Yes, I bet the corn in the muffins does make them seemingly healthy…and you are certain they are edible using this particular recipe, right? πŸ˜€ I just like to be careful…I mean, shaking a jar of lime pickles once a day is one thing…

    You haven’t had boondi raita or what?! Yummy it is! Soak in water till softened, sqeeze (gets rid of some of the oil as well), mix into beaten dahi, red chilli powder+roasted cumin powder+salt, maybe chopped coriander + some additional crisp boondi! Made from packaged boondi, naturally. youalso get boondi that has specks of coriander…

    The rest of my family allows only roti with everything… 😦 I’ll be sure to tell them that about lauki…but I don’t think it will make the son like it any better.

    This is the season when we get only gourds – all kinds – in the name of vegetables. Bhindi breaks the monotony now and then; spinach is good only till the monsoons arrive. Besan-things come to the rescue in a big way – kadhi, gatte ka saag (oooh – YUM), and of course, beans and lentils too.
    But there are mangoes! And lychees! And plums, and peaches…and cherries (not local – from the mountains and the foothills).

    I’m just going to run and hide before she comes along and kills you with her dagger-looks!

  13. Sorry to disappoint you two. Hmmph! But let me not disappoint you twice. There is lots more wrong with you than the amount of besan you consume. Good thing Wisconsin is so far away else we might get blown away by all that wind.

    And, it does take leaving India to appreciate dudhi. Anita, send him to the US for further education. I will help in every way possible. Pel, dudhi used to be called the poor man’s veggie. Um, I do love it now. Rhubarb? I think I told you about armpit flavor in primary school in Nairobi before, right? If not, I can return to tell you all. I am up wrapping gifts for teachers and writing thank you notes. I don’t have enough newspaper – to wrap all the gifts – or gift bags to reuse. I might just have to use Xmas gift wrap. Eeep!

    Store bought boondi? Anita, you don’t make your own boondi? That’s really terrible. All it takes is besan and spices in some hot oil. What’s the big deal. Tsk. Tsk.

    Now that I can get Ataulfos, I don’t care how much you shout about mangoes. We get lychees here, too. Plums from California. Even apriums – which to me sounds rather dirty but apparently it’s a cross between apricots and … tch! not that! Just plums! Today I went into shock when I saw the price of cherries. What used to be too much at almost $6 last year is almost $10 this year. No cherries for me.

    Not local? That’s at least two gaffes in one response. Tsk raised to infinity.

  14. Ah! You heard about the storm then? It should be quite windy by morning with possible hail and lord-knows-what-else but right now there’s just a gentle, cool rain falling; now and then I hear a clinkle ting tang clang mixed in with the plop-plops off the eaves and a shizzle on the maple leaves. Yes, it would be so nice to hear the rhubarb story again! [claps his hands together, cocks his head to one side and smiles in frozen glee. (whatever effect he had intended, the outcome appeared just short of deranged)]Give us all of the sour and juicy details: the nose-holding, the smell of ripe pits, the laboured swallows…it’d be just the thing to assist my segue to slumber! [he shoots a friendly, but smirky, wink toward the receiver of these words] Another cup of pea perhaps? [he picks up the newspaper from the coffee-table, suspiciously eyeing the various headlines. He notices Manisha gaping at the paper hungrily] Hold on now; I haven’t finished reading it yet…tsk, grabby grabby…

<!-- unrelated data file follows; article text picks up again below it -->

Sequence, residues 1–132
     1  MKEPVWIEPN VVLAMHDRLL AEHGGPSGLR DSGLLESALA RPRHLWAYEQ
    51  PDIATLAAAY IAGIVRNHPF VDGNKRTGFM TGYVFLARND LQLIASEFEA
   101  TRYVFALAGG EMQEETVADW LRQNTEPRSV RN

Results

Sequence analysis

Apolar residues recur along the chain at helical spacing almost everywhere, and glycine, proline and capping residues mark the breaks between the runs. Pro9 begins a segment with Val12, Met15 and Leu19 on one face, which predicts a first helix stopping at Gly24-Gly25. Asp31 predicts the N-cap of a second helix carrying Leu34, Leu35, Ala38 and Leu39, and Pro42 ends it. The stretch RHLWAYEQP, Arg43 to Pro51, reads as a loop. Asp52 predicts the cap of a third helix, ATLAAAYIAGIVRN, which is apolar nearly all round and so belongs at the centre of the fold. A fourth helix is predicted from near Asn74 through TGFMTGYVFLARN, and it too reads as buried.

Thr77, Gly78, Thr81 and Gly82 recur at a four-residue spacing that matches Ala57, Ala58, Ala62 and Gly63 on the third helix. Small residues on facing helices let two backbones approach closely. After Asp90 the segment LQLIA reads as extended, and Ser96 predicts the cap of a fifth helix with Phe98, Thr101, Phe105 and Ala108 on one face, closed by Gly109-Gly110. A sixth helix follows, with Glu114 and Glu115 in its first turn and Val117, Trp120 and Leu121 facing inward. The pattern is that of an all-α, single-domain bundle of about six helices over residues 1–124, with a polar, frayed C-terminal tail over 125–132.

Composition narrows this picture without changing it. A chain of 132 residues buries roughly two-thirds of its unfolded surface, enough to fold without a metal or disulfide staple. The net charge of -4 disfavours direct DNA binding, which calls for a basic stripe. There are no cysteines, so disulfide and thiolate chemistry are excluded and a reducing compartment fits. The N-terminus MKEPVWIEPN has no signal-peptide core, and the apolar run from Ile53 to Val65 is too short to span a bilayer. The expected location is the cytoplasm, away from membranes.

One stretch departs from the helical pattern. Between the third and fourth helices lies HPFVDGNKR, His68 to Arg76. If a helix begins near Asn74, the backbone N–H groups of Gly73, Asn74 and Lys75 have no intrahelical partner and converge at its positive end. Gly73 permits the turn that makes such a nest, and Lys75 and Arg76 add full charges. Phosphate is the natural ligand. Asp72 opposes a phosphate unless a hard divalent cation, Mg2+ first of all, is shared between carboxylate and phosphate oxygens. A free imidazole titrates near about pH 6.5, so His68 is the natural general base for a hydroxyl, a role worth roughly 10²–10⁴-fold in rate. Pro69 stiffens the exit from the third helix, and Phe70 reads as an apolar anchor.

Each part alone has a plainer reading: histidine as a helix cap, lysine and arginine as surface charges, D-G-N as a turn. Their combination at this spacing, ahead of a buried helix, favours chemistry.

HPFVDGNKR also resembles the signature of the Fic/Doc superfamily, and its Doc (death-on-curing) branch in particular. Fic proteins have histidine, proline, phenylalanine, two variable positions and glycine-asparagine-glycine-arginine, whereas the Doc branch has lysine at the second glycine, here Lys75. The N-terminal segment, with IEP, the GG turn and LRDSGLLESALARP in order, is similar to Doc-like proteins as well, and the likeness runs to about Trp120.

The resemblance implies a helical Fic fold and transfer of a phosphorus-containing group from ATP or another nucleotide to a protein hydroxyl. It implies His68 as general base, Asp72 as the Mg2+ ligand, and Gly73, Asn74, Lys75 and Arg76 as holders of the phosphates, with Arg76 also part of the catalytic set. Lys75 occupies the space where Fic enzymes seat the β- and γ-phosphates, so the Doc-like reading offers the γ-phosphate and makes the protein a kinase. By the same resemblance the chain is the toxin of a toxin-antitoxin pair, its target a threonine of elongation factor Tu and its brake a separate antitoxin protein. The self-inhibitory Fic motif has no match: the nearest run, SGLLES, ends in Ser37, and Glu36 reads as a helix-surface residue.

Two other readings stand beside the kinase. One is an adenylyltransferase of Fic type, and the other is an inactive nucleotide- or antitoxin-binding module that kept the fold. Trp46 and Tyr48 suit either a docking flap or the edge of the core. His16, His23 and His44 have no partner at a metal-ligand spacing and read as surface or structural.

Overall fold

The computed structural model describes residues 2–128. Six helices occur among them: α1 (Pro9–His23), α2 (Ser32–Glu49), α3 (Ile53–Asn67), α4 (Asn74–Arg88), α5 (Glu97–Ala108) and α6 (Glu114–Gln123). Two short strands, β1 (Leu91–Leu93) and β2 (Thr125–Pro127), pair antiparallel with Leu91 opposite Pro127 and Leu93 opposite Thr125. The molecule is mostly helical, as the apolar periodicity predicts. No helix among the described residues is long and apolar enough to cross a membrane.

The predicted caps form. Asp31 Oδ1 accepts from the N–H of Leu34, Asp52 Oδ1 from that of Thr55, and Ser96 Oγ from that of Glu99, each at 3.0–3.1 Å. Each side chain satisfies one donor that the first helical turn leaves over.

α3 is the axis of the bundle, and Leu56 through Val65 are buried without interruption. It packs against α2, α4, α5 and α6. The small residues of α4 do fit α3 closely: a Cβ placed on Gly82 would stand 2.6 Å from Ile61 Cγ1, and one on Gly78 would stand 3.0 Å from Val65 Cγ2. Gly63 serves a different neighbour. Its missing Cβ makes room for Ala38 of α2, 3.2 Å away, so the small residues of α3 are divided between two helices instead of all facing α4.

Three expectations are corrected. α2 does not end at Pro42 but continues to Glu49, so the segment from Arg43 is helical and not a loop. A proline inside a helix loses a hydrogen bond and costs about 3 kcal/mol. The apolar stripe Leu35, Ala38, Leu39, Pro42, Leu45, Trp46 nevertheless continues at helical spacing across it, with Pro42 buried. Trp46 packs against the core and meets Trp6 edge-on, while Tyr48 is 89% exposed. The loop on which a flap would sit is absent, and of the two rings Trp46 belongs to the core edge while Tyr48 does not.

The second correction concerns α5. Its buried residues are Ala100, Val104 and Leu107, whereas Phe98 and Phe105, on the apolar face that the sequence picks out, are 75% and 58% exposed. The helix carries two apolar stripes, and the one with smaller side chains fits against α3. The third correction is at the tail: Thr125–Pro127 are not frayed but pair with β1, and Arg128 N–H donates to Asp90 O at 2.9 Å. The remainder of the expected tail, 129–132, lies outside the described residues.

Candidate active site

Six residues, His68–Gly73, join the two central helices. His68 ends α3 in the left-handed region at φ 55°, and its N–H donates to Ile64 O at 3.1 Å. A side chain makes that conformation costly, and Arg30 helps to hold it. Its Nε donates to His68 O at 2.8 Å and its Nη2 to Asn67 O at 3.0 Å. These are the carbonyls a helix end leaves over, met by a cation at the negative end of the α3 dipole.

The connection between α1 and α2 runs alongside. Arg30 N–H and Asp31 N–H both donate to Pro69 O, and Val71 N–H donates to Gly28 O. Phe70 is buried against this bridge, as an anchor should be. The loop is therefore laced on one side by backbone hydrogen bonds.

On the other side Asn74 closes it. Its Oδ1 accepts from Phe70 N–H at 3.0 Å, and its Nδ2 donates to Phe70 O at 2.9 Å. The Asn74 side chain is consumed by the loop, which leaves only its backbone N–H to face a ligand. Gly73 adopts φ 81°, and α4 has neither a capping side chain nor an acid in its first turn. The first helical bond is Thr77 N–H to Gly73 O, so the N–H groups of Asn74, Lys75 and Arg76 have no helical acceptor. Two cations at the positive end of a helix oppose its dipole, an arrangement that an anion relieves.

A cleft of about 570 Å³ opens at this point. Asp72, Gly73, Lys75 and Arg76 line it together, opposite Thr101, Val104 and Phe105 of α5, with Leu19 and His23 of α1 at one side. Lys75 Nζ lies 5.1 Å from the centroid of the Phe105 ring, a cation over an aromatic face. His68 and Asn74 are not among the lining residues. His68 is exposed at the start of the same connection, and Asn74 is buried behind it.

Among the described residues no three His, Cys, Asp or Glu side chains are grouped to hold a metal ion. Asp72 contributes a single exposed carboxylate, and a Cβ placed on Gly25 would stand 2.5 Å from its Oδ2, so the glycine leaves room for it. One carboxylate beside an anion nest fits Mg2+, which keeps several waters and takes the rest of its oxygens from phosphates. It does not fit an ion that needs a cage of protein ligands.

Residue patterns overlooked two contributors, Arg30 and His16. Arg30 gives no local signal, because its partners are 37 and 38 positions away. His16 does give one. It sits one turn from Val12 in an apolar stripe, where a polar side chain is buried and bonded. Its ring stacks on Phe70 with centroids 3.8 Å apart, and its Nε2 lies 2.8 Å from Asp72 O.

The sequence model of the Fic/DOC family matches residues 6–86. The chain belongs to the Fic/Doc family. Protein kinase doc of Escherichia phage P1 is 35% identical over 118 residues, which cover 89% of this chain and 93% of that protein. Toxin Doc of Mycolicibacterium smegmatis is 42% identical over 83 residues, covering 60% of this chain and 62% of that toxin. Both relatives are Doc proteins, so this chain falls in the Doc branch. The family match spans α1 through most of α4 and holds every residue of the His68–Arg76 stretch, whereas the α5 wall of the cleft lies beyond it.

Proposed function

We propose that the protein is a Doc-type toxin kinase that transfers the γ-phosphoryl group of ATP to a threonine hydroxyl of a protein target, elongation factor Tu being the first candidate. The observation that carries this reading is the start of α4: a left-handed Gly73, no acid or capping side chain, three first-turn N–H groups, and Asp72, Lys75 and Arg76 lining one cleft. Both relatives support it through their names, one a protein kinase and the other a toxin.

Anita. Is gatte another of those marvelously-delicious greens that I have no access to? [sighs] It isn’t even listed in my little Hindi food-dictionary. The only thing I have right now to compete with that is a spindly wild mustard that I noticed growing in one of the flower-beds: enough for a nibble.

    I’ve long wanted to make my own boondis; finally I managed to procure a fine-enough strainer to fetch them from the oil. Ask me if I’ve made some yet. However the raitha sounds appealing! Spherical food. It runs rampant! Lychees and plums and peaches! Oh my! πŸ™‚ We get lychees on occasion- so good fresh! Cherries is good. Very cheap here. In season nearer the end of summer. Apriums? They’re labeled “pluots” ’round these parts…someone needs to clean a lens. πŸ˜€

  15. I am so glad you liked it. πŸ™‚ I am honoured for being mentioned here. πŸ™‚

  16. so glad i discovered this blog! a real (yummy) find.

  17. oh the pumpkin cheddar muffin sounds delectable!!

  18. Hi Asha,
    Glad to see you enjoy cooking from other blogs. I am hosting Tried And Tasted event dedicated to cooking from other blogs. This month, One Hot Stove is our favorite one. Hope you can participate.

  19. wonderful selection of new favourites there…with friends like this who tend to hog the comments section, its getting super charged to read through!! maybe i should subscribe to the comments too!! πŸ™‚

  20. Hi there… hey, I saw your recipes.. all are really amazing and looks delightful to each.. great going my friend..